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  • Unit 6: Designing Mobile User Interfaces

    Since mobile devices have screen size and memory limitations, one must really think carefully before designing a user interface.  In this unit, we will discuss usability, learning how to ascertain what the user needs through task and contextual analysis.  We will then apply this information as we discuss various approaches to building good user interfaces.  The unit will also cover rapid prototyping and testing and will explain how all of the traditional UI design principles apply--to some degree--to mobile application development as well.  Finally, we will look at the different types of user interfaces for mobile devices.

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  • Unit 7: Mobile Application Evaluation and Mobile Browsers

    Once a mobile application has been developed, you will want to test it for usability.  In this unit, we will talk about ways of evaluating mobile apps.  We will also look at the differences between traditional browsers and mobile browsers and identify the elements that must be taken into consideration when designing an application for deployment on a mobile browser.

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  • Unit 8: Mobile Platforms

    In this unit, we will take a look at the differences between native and web-based mobile applications.  We will discuss HTML5 as a means to fill the gap between native and web-based mobile apps.  We will also learn about some hybrid approaches, such as PhoneGap, FlashLight, and JavaFX.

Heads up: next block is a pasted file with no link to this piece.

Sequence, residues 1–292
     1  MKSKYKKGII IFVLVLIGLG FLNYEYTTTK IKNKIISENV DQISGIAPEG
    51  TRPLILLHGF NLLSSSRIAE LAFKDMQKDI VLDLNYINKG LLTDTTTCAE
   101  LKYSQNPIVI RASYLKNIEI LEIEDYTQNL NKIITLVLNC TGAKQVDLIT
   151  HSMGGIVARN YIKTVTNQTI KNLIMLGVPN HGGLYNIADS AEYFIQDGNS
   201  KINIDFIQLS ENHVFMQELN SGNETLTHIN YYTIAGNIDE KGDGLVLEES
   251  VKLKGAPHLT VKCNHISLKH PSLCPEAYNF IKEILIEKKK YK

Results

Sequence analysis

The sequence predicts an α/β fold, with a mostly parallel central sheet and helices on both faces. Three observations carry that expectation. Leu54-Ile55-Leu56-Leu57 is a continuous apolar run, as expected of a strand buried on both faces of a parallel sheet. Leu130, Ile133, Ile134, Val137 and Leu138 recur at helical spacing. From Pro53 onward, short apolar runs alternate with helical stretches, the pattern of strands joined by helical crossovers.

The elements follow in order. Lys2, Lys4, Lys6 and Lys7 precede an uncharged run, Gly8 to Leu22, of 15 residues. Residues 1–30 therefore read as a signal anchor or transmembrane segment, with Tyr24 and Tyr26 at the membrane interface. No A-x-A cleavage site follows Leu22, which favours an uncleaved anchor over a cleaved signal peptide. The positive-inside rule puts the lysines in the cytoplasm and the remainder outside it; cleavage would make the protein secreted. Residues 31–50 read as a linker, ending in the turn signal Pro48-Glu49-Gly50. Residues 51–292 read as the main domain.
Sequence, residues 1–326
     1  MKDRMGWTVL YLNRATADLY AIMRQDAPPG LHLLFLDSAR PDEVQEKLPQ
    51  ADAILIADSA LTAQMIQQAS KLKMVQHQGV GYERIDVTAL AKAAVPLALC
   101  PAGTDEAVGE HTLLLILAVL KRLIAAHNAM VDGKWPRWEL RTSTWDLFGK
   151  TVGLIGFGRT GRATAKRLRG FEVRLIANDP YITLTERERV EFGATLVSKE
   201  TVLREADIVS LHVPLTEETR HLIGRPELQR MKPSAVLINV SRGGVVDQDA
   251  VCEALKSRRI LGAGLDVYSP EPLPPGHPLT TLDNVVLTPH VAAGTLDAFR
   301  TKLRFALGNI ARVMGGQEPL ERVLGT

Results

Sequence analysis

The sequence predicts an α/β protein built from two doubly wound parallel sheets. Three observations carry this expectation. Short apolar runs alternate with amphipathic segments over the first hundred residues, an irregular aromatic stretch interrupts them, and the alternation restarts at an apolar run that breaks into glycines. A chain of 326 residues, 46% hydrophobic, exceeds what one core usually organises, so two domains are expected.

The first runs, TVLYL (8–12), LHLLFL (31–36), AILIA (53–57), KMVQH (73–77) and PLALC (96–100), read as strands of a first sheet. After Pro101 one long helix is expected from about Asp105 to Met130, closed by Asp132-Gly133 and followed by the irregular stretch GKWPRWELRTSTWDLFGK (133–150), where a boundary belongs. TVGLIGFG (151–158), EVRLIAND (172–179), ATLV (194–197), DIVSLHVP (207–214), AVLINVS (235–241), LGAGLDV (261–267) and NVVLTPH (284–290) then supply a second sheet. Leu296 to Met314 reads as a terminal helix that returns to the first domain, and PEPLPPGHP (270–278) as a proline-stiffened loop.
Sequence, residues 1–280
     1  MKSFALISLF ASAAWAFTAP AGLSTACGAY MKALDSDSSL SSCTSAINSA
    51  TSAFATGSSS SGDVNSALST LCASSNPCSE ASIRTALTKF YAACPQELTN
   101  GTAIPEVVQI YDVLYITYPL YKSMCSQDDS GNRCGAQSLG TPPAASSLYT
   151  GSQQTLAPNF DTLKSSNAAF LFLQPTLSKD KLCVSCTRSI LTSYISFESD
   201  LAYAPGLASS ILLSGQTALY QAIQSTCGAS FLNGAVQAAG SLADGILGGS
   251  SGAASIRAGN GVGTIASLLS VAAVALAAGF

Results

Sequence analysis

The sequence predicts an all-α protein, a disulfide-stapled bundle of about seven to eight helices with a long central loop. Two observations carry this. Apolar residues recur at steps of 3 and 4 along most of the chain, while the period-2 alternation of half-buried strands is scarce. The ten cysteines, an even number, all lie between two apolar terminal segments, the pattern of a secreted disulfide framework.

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  • Unit 9: Storage and Geolocation

    In this unit, we will learn how mobile applications store persistent data.  We will also look at how we could develop applications that utilize device location.

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  • Unit 10: Android Development

    In this unit, we will look at how to develop applications in one popular platform for phones and tablets, the Android.  In order to complete this unit, it is assumed that the student has had some experience with Java programming, although a brief review of Java will be included.

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  • Unit 11: iPhone/iPad Development

    In this unit, we will look at how to develop applications in one popular platform for phones and tablets, iOS.  In order to complete this unit, it is assumed that the student has had some experience with programming.

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  • Optional Course Evaluation Survey

    Please take a few moments to provide some feedback about this course at the link below. Consider completing the survey whether you have completed the course, you are nearly at that point, or you have just come to study one unit or a few units of this course.

    Link: Optional Course Evaluation Survey (HTML)

    Your feedback will focus our efforts to continually improve our course design, content, technology, and general ease-of-use. Additionally, your input will be considered alongside our consulting professors' evaluation of the course during its next round of peer review. As always, please report urgent course experience concerns to contact@saylor.org and/or our Discourse forums.

  • Final Exam